Fellow former Razorbacks star Andrew Landry and Martin Piller were a stroke back. Landry, the second-round leader, had a 70 on the Stadium Course. Piller, the husband of LPGA tour player Gerina Piller, shot a 67 at La Quinta. They are both winless on the PGA Tour.

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Jon Rahm had a 70 at the Stadium Course to reach 17 under. The top-ranked player in the field at No. 3, Rahm beat up the par 5s again, but had four bogeys – three on par 3s. He has played the 12 par 5s in 13 under with an eagle and 11 birdies.

Scott Piercy also was two strokes back after a 66 at the Stadium.

Adam Hadwin had a 67 at La Quinta a year after shooting a third-round 59 on the course. The Canadian was 16 under along with Grayson Murray and Brandon Harkins. Murray had a 67 on PGA West's Jack Nicklaus Tournament Course, and Harkins shot 68 on the Stadium Course.

Phil Mickelson missed the cut in his first tournament of the year for the second time in his career, shooting a 74 on the Stadium Course to finish at 4 under – four strokes from a Sunday tee time.

The 47-year-old Hall of Famer was playing for the first time since late October. He also missed the cut in the Phoenix Open in his 2009 opener.

Charlie Reiter, the Palm Desert High School senior playing on the first sponsor exemption the event has given to an amateur, also missed the cut. The Southern California recruit had three early straight double bogeys in a 77 on the Stadium that left him 1 over for the week.

John Daly had an 80 at La Quinta. He opened with a triple bogey and had six bogeys – four in a row to start his second nine – and only one birdie. The 51-year-old Daly opened with a 69 on the Nicklaus layout and had a 71 on Friday at the Stadium.

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Mickelson misses CareerBuilder cut for first time in 24 years

By Randall MellJanuary 21, 2018, 12:48 am

Phil Mickelson missed the cut Saturday at the CareerBuilder Challenge. It’s a rare occurrence in his Hall of Fame career.

He has played the event 15 times, going back to when it was known as the Bob Hope Classic. He has won it twice.

How rare is his missing the cut there?

The last time he did so, there was no such thing as a DVD, Wi-Fi, iPods, Xbox, DVR capability or YouTube.

Full-field scores from the Career Builder Challenge

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The PGA Tour’s Jon Rahm didn’t exist, either.

The last time Mickelson missed a cut in this event was 1994, nine months before Rahm was born.

Mickelson struggled to a 2-over-par 74 in the heavy winds Saturday on the PGA West Stadium Course, missing the 54-hole cut by four shots. He hit just four of 14 fairways, just nine of 18 greens. He took a double bogey at the 15th after requiring two shots to escape the steep-walled bunker on the left side of the green.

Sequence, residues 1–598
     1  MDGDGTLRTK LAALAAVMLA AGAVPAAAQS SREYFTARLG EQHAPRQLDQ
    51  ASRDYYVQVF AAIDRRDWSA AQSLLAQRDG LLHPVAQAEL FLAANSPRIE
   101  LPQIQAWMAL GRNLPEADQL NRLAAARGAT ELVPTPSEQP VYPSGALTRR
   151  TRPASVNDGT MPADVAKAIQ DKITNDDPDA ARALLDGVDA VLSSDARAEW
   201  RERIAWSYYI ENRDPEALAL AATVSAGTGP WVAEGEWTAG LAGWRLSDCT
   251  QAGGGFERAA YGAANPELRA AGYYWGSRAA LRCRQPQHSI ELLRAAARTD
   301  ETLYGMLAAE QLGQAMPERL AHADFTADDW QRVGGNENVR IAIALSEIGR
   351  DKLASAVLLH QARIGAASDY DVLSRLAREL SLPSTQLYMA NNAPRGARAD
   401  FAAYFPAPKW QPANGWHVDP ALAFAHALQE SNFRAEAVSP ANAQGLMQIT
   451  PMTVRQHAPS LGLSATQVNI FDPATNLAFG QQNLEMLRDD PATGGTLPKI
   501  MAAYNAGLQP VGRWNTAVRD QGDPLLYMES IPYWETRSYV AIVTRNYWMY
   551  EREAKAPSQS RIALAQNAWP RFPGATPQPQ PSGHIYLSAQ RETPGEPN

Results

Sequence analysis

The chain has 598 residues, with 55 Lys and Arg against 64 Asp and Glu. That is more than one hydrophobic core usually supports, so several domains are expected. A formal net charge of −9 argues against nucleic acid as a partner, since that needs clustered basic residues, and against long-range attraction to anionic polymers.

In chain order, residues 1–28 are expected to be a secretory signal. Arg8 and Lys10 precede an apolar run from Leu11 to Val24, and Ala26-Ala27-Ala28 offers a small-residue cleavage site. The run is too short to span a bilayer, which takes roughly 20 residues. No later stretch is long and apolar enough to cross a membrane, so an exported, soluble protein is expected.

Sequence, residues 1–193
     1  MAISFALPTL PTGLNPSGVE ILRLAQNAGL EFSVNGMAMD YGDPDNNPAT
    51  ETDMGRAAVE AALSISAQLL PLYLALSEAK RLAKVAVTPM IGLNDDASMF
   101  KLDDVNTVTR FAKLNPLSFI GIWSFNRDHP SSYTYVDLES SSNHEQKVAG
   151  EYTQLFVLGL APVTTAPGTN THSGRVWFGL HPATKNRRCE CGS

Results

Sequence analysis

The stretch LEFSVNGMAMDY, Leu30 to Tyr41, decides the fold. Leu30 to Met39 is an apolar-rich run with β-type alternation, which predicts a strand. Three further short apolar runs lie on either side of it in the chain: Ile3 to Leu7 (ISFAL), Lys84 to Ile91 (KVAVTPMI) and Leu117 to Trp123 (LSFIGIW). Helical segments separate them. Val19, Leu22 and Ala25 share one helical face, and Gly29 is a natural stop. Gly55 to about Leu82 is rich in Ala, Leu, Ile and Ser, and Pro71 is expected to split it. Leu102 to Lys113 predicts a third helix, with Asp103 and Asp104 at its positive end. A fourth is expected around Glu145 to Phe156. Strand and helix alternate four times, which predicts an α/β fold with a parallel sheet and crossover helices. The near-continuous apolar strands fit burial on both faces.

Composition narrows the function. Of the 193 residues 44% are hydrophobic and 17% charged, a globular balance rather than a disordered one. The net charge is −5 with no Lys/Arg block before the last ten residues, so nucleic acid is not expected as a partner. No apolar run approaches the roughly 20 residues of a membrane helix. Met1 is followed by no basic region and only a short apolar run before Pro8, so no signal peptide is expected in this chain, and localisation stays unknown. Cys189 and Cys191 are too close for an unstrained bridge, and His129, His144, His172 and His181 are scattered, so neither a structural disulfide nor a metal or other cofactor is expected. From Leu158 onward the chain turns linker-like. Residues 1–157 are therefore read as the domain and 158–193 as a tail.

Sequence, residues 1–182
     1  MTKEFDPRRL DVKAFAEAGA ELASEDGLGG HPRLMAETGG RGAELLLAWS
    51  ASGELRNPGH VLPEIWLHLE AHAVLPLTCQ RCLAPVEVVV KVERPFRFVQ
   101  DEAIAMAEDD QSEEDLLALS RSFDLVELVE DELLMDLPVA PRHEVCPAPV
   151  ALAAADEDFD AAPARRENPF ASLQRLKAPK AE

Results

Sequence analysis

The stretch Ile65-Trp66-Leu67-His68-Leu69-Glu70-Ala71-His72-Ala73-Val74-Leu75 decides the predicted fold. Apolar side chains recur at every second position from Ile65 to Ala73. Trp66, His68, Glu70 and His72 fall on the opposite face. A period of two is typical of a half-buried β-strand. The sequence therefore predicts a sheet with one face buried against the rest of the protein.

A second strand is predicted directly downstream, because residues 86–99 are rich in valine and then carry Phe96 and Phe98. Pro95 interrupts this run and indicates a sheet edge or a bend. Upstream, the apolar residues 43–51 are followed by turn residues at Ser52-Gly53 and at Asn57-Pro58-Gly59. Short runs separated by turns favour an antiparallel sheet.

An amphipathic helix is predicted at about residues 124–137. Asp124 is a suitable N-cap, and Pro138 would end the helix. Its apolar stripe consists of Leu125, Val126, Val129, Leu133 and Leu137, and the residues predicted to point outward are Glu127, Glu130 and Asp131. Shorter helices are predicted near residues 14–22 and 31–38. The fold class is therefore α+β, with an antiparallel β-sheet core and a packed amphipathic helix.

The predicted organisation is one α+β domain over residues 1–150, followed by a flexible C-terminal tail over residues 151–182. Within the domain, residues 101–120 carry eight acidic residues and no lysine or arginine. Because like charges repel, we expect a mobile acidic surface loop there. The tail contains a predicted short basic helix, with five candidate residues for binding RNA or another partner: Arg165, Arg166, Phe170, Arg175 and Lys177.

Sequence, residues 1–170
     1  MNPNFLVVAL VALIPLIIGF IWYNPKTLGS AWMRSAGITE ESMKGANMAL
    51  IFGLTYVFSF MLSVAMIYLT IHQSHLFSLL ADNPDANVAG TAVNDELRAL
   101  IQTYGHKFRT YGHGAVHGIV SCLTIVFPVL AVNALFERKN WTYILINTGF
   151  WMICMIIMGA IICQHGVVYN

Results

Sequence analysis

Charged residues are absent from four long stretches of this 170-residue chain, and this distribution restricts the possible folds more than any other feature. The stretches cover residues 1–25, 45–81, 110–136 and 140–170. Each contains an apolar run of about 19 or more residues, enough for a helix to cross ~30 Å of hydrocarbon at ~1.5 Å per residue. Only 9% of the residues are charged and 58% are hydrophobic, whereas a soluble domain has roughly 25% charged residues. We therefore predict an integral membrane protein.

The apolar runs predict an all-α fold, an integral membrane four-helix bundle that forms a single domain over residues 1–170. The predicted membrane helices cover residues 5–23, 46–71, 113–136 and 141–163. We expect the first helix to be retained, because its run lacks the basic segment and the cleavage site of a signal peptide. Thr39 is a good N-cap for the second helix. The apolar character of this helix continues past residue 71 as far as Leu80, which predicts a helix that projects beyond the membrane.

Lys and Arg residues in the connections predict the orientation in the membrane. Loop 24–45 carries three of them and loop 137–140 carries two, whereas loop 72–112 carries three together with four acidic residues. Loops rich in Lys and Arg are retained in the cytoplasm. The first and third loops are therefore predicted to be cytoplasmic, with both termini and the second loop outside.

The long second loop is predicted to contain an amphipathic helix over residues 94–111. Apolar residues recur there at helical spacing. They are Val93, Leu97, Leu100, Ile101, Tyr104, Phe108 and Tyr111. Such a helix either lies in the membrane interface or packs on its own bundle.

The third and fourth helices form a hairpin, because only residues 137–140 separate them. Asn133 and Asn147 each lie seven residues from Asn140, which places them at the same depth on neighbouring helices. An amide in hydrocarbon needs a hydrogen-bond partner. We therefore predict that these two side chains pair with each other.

Mickelson won’t have to wait long to try to get back in the hunt. He’s scheduled to play the Farmers Insurance Open next week at Torrey Pines in La Jolla, Calif.

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Defending champ Gana co-leads Latin America Amateur

By Randall MellJanuary 20, 2018, 11:20 pm

Toto Gana moved into early position to try to win a return trip to the Masters Saturday by grabbing a share of the first-round lead at the Latin America Amateur Championship.

The defending champ posted a 3-under-par 68 at Prince of Wales Country Club in his native Chile, equaling the rounds of Argentina’s Mark Montenegro and Colombia’s Pablo Torres.

They are one shot ahead of Mexico’s Alvaro Ortiz and Mario Carmona, Argentina’s Horacio Carbonetti and Jaime Lopez Rivarola and the Dominican Republic’s Rhadames Pena.

It’s a bunched leaderboard, with 19 players within three shots of each at the top of the board in the 72-hole event.

“I think I have my game under control,” said Gana, 20, a freshman at Lynn University. “I hit the ball very well, and I also putted very well. So, I am confident about tomorrow.”

The LAAC’s champion will get more than a Masters invitation. He also will be exempt into the The Amateur, the U.S. Amateur and any other USGA event he is eligible to play this year. The champion and players who finish runner-up are also exempt into the final stages of qualifying for The Open and the U.S. Open.

The LAAC was founded by the Masters, the R&A and the USGA, with the purpose of further developing amateur golf in South America, Central America, Mexico and the Caribbean.

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LAAC returning to Casa de Campo in 2019

By Randall MellJanuary 20, 2018, 8:23 pm

The Latin America Amateur Championship will return to Casa de Campo in the Dominican Republic in 2019 (Jan. 17-20), event organizers announced Saturday in Chile, where this year’s championship is underway.

The LAAC champion receives an invitation to play the Masters at Augusta National Golf Club every spring.

The champion is also exempt into The Amateur, the U.S. Amateur and any other USGA event for which he is eligible to compete. The champion and players who finish runner-up are also exempt into the final stages of qualifying for The Open and the U.S. Open.

The LAAC was founded by the Masters, the R&A and the USGA, with the purpose of further developing amateur golf in South America, Central America, Mexico and the Caribbean.

The championship got its start in 2015 with Chile’s Matias Dominguez winning at Pilar Golf in Argentina. In 2016, Casa de Campo hosted, with Costa Rica’s Paul Chaplet winning. At 16, he became the first player from Central America to compete in the Masters. In 2017, Chile’s Toto Gana won the title at  Club de Golf de Panama.